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Agate papers

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  • Erik Haagensen
    I belive that what is called agate papers in Scandinavia is a kind of decorative papers that was made by a process that was more convenient to automate to
    Message 1 of 2 , Nov 30, 2008
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      I belive that what is called "agate papers" in Scandinavia is a kind of
      decorative papers that was made by a process that was more convenient
      to automate to make it cheaper than the hand made marbled papers.

      These kind of papers have many names across languages - some is
      discussed in this message:
      http://groups.yahoo.com/group/Marbling/message/4436

      I have uploaded some examples in this album:
      http://groups.yahoo.com/group/Marbling/photos/album/1593690060/pic/list


      Does anyone know details that could describe the process of making
      these papers ???
    • Erik Haagensen
      Susanne Krause is not able to post replies to the group - so I promised her to post her answer to my message. ... Hi Erik, Yahoo says they cannot accept my
      Message 2 of 2 , Dec 2, 2008
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        Susanne Krause is not able to post replies to the group - so I promised
        her to post her answer to my message.

        Here it is:
        ----------------------

        Hi Erik,


        Yahoo says they cannot accept my posting, why I do not know, but I
        thought you'd like an answer to your question nevertheless:


        Agate papers are a sub group of Sprinkled Papers. They are/were indeed
        made predominantly in an industrial or semi-industrial process. The
        technique is no secret: a sheet is brushed in the basic colour and
        immediately afterwards sprinkled, i.e. while the first colour is still
        wet; this accounts for the soft fringes around every sprinkle.


        To make full format sheets in predictable quality is quite another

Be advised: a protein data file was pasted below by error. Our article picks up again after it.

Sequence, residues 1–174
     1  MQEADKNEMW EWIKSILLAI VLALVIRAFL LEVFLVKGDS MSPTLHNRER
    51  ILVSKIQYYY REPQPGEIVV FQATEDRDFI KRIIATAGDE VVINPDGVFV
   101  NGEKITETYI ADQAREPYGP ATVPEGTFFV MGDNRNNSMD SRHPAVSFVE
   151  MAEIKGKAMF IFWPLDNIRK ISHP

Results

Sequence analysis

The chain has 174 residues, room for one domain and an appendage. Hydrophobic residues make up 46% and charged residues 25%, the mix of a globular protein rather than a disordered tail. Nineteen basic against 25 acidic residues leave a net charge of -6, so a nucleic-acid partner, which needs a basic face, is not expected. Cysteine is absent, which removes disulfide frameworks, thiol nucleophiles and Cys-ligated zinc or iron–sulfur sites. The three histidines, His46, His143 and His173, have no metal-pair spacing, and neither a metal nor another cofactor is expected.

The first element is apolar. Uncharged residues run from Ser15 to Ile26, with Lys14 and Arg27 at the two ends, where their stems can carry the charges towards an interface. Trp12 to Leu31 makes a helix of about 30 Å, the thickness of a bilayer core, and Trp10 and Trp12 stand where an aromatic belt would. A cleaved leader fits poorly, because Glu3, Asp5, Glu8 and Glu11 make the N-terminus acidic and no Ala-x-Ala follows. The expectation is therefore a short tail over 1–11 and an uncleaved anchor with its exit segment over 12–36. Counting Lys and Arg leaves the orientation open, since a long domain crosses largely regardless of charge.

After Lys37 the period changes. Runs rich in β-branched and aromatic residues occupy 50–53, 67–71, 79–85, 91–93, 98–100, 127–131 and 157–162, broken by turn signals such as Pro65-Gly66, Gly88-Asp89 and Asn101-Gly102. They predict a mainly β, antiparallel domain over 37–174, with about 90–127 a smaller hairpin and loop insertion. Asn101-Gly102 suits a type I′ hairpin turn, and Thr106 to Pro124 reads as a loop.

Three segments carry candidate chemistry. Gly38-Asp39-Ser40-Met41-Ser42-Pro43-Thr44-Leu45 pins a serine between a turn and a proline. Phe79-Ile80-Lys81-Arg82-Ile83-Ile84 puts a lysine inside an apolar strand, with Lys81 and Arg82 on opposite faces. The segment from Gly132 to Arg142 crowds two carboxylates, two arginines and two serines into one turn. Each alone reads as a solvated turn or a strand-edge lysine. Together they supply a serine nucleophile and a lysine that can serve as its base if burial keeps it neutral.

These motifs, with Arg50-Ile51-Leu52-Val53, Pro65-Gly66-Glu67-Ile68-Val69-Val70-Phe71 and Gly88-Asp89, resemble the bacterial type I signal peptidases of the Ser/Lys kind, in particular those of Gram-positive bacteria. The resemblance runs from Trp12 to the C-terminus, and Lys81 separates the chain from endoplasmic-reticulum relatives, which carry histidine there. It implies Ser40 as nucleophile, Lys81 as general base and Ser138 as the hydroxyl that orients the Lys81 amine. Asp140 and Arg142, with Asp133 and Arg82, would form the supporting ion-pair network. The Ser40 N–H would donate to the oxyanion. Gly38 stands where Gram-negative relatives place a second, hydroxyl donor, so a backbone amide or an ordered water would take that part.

thing, though. The 'open' time is very short as all the sprinkles must
        land in the wet basic colour at more or less the same time.
        Predictably, the work has to be done at lightning speed. You need also
        to find the right tools, colourants and additives to make sure that all
        the sprinkles are of more or less the same size and form, dry quickly
        while keeping their shape and spread evenly. The room's climate has to
        be just so. The usually glazed surface was usually achieved in a
        mechanical process.


        So you see it's the perfect thing for (19th century) industrial
        production: quick, cheap, glossy. They are still produced and still on
        big sheets (70x100) of deplorable quality and still glossy and still
        abominably cheap at EUR 2,11 netto per sheet (as in the current
        catalogue of one of the big German bookbindind suppliers).
        For comparison: I'm hand making something like agate papers for
        restoration, meaning on certified base paper with pH neutral colourants
        and a protective brushing on top. Being no machine but a human paper
        decorator, to achieve the desired effects I have to go the long way and
        put the sheets to dry three times between steps. I'm selling at EUR
        9,40 netto per sheet in 50x70, and it is definitely not the sort I'm
        having the best gain with.


        As to nomenclature. Agate papers is the correct term. But as each
        producer wants their customers to come back they invented the most
        colourful trade names, so don't let yourself be deceived by another
        term for the same paper!


        Kind regards,


        Susanne

        ........................................................................
        ...........................
        Susanne Krause
        HAMBURGER BUNTPAPIER
        und
        BUNTPAPIERVERLAG

        Wittenbergener Weg 32
        22559 Hamburg
        Deutschland
        Telefon 0049-40-81 77 06
        Mail: studio@...
        http://www.hamburgerbuntpapier.de
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